Collaborative working is the key to economic growth
Tina.Freed / 27 Jan 2016
The UK faces exceptional challenges in the current financial climate; big corporations, SME’s and start-up businesses are functioning in a very tough economic climate. Now It’s more important than ever to fully capitalise on the skills and talents of all people, regardless of their gender.
Creating opportunity for all, raising aspirations and enabling people to maximise their talents together will help to develop economic growth. Today’s workforce is changing and is becoming more diverse, however further change is required to create wider national skills that can meet the demands of international markets. If not addressed, the UK could lose its competitive edge globally.
These days more families with young children are juggling the work-life challenge. There are some mothers who choose to stay at home to raise their family, however, there are increasingly more women who would like to return to their careers for one reason or another. Choices and opportunities should be available, regardless of the industry.
The UK economy needs contributions from both genders to grow, and currently there are 2.4 million women who are not working and want to work. Action is required to remove the barriers that currently restrict women from realising their full potential. At every stage of a woman’s career they should have the opportunity to learn skills, develop and contribute to a dynamic business environment. Businesses need a culture that embraces flexible working and provides better support for working parents. More support is required for women to set up their own businesses, as this will release some of the talent pipeline that has been limiting women from reaching the most senior levels in business.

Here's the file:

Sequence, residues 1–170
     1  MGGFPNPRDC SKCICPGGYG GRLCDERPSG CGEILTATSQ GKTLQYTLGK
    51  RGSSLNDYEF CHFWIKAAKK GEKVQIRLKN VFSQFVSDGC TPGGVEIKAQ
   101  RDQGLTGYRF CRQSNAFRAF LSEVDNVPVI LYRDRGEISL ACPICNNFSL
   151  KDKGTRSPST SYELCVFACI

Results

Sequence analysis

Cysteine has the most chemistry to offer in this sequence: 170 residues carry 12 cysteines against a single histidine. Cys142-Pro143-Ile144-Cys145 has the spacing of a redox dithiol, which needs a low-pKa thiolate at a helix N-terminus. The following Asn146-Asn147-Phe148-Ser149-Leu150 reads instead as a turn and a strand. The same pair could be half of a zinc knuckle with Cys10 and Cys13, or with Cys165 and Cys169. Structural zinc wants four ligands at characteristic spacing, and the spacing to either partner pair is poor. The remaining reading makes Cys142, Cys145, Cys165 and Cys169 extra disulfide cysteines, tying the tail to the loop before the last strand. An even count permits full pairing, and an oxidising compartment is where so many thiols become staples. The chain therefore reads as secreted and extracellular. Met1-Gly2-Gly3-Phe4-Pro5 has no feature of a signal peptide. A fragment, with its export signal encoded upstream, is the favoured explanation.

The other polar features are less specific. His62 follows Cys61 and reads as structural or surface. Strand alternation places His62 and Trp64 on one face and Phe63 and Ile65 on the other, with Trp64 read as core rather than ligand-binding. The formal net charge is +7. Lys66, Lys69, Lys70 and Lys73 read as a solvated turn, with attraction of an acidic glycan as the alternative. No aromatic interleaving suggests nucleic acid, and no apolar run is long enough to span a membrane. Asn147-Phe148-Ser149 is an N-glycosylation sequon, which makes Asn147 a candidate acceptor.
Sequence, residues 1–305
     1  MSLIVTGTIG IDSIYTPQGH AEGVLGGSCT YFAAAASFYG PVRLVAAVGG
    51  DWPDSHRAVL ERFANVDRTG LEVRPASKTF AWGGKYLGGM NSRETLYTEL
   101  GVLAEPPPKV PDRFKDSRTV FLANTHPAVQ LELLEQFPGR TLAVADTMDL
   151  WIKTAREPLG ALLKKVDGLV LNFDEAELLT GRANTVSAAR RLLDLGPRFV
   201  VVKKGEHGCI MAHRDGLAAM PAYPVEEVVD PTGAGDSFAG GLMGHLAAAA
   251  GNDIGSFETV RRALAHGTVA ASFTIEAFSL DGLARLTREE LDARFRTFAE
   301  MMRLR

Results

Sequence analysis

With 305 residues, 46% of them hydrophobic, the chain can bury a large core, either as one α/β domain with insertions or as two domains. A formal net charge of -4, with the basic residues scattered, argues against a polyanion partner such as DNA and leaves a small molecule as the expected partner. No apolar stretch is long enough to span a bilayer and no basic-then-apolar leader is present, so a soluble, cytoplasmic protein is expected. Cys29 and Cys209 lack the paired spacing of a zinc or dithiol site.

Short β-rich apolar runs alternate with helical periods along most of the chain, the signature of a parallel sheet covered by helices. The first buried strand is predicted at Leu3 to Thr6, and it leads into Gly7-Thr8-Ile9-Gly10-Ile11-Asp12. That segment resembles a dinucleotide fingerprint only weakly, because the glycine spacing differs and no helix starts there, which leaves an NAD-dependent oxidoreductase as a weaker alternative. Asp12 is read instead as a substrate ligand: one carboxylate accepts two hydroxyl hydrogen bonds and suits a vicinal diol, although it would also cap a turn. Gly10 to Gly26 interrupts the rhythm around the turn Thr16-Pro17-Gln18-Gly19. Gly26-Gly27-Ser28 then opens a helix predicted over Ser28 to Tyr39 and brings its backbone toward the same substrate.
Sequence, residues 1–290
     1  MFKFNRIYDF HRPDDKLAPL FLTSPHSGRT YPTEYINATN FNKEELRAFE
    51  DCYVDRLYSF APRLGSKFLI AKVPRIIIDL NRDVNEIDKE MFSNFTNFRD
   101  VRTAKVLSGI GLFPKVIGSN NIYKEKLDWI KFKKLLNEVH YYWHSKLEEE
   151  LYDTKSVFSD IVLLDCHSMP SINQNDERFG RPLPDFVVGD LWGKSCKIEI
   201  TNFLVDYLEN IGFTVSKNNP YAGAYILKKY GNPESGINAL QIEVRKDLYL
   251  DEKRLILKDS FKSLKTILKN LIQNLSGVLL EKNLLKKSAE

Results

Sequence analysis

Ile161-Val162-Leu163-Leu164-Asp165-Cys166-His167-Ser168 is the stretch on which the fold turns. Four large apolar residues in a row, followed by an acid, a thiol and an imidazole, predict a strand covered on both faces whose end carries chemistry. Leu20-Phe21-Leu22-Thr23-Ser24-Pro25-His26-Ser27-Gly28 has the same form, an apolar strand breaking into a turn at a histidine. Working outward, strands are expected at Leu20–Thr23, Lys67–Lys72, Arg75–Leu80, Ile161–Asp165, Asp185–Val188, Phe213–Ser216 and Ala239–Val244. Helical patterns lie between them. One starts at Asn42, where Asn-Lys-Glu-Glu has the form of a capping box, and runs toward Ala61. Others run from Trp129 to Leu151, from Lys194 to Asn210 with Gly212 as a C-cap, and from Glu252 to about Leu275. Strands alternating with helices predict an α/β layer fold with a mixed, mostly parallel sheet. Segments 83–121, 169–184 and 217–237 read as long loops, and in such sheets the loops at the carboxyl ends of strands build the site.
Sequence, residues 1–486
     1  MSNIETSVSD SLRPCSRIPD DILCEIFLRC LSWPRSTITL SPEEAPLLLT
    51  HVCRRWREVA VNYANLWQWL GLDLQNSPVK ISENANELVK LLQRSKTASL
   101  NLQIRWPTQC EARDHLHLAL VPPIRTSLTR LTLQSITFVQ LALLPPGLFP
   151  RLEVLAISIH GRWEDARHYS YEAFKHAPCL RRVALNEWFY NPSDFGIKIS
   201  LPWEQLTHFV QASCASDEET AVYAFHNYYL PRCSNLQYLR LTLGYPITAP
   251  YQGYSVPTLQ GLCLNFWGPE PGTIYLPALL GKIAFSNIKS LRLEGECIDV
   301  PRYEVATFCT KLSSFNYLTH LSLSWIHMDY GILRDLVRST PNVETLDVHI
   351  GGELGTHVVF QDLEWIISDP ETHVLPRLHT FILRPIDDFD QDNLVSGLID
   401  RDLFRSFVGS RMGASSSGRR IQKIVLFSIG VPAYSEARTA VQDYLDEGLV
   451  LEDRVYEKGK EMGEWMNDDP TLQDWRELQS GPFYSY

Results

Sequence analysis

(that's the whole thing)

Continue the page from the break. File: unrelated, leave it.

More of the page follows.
Women in the middle stages of their working lives are looking to capitalise on their experience. This is also a time when many women tend to have children, and often experience a downward shift in rank. At this point factors such as how businesses manages talent, the cost and availability of childcare, and flexible working arrangements should be considered.
Another crucial area for development that requires a culture change is the provision of careers advice that is offered to young people and adults. Businesses, careers professionals and schools should work together to ensure increased access is available to high quality work experience. As part of this, employers should commit to ensure their graduates, trainees and apprentices visit local schools regularly to act as mentors or role models to share first-hand insights about the range of career opportunities available.
We know creating better business cultures attracts the best talent to organisations. Evidence has shown that businesses with a more diverse workforce are stronger performers, better at supporting individual needs, and more accustomed with their clients. The best employers and businesses are ahead of the game when adopting this mindset.
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